There are two justice systems in America: the public justice system, with courts, judges, the Supreme Court, the federal and state rules of procedure, and the rules of evidence. Then there is the private justice system, also known as arbitration, in which the parties choose the arbitrator, the rules of evidence and prior precedent don't always apply, appellate options are limited, and the proceeding may operate in secret. In many employment disputes, the employer pays the arbitrator's bill. Many people, upon starting a new job or signing up for a service, "agree" to arbitration by signing a sheet of paper they never read, or by clicking through an internet link with fine print that says that any dispute arising from the relationship (whether an employment relationship or consumer transaction) must be arbitrated and cannot be taken to court. This case asks when the arbitration "agreement" in a consumer transaction can be invalidated.
The case is Soliman v. Subway Franchisee Advertising Fund, issued on June 8. Plaintiff went to a Subway sandwich shop and signed up for a promotion that would give her a free sandwich. All you have to do is send a text message to Subway. Of course, plaintiff signed up for this. Then she opted out of the promotion later on, but the promotional text messages from Subway continued unabated. She sues under the Telephone Consumer Protection Act over the unwanted text messages. The problem is that Subway argues that she has to take the case to arbitration, not court. Arbitration is regarded as a lesser forum for plaintiffs then court, so she challenges Subway's arbitration demand.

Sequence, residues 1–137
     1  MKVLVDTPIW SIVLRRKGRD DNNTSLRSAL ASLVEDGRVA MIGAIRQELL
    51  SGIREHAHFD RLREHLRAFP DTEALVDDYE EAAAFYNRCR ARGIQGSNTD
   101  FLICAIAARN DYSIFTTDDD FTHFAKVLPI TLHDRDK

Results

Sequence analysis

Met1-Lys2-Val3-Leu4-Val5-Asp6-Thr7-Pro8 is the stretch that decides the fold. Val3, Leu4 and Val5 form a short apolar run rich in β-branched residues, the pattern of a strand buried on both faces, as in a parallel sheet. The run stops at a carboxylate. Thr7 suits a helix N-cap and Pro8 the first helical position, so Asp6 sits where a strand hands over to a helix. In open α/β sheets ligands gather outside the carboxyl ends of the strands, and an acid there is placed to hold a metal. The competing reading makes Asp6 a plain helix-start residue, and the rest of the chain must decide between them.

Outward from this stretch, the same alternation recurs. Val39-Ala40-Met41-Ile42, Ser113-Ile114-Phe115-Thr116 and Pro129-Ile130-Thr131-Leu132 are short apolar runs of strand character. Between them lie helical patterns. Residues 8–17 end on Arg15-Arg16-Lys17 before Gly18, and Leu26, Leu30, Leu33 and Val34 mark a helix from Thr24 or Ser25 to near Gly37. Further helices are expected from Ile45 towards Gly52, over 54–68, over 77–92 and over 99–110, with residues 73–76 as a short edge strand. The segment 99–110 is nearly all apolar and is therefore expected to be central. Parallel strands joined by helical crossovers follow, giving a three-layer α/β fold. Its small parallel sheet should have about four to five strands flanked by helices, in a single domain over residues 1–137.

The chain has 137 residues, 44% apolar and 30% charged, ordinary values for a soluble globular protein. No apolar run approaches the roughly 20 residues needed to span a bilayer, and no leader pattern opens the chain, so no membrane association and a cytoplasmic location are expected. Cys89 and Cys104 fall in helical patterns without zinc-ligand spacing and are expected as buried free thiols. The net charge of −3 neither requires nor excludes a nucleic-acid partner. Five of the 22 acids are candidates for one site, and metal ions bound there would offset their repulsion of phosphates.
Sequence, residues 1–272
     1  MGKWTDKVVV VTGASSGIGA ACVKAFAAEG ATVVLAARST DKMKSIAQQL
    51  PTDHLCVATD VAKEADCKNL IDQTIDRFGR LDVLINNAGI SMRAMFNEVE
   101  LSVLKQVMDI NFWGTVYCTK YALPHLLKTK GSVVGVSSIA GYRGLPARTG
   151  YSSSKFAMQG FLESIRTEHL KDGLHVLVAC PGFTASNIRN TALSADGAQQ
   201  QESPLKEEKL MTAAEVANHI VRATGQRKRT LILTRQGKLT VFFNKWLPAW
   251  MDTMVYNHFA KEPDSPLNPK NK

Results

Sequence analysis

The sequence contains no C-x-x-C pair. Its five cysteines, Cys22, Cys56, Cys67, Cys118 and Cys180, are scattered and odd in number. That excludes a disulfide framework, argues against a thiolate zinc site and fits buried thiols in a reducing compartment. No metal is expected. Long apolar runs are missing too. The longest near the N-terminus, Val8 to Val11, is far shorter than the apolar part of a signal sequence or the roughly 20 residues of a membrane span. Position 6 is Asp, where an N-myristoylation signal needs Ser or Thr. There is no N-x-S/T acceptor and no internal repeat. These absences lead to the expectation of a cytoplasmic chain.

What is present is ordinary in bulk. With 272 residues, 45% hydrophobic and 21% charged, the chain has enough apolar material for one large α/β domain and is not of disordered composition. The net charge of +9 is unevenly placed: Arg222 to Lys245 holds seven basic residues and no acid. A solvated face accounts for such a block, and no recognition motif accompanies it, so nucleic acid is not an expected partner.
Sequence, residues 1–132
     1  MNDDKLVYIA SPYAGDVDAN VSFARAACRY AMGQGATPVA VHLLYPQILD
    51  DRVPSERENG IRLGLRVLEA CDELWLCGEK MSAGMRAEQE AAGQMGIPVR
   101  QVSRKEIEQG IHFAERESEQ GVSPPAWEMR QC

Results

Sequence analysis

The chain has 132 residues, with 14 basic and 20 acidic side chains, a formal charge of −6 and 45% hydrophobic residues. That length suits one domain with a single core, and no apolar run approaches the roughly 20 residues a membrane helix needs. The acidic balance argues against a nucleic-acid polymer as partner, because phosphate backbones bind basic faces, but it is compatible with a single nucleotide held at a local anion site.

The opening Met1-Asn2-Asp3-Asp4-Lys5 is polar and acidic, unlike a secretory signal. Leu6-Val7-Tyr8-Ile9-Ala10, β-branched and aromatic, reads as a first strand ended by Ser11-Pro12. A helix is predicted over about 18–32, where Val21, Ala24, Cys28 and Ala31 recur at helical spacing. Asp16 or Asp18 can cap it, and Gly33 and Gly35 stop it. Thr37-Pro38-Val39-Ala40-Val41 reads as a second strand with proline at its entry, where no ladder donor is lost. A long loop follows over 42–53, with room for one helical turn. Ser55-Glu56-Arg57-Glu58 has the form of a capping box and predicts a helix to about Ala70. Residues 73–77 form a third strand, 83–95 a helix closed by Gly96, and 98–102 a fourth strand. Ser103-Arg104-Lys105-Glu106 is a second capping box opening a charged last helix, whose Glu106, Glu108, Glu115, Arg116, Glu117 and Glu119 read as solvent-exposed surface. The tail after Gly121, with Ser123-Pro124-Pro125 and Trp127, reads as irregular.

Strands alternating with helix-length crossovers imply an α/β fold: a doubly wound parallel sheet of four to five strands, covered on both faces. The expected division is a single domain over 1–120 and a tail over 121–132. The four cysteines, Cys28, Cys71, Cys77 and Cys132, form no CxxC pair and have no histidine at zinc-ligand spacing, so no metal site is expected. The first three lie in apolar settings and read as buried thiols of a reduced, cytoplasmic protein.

Courts normally assume that most arbitration agreements are valid, even if the plaintiff never read them prior to signing them, or if they contain legalese. Most people are not in a position to negotiate the arbitration provision, particularly new hires who want the job and don't have the gumption to take issue with arbitration; they have no bargaining power, and what new employee argues with management about where they might take any future employment dispute?
This case is different. The plaintiff prevails on appeal, as the Second Circuit (Jacobs, Pooler and Bianco) finds the arbitration agreement agrees with the district court in holding the arbitration provision cannot force plaintiff to arbitration because it was too obscure (and frankly, tricky) to place her on notice that any dispute she would have with Subway would have to proceed to arbitration. Here is what the Court of Appeals says about all of this:
At oral argument in this appeal, the Second Circuit jumped all over Subway's lawyer from the outset, noting that this was a different kind of arbitration case and suggesting the terms of the arbitration provision were too obscure to place anyone on notice that any disputes would have to be arbitrated. Subway's lawyer argued in part that a reasonable consumer would expect that a free sandwich will come with certain conditions. The panel was not buying it, though it did say that no precedents really address a case like this.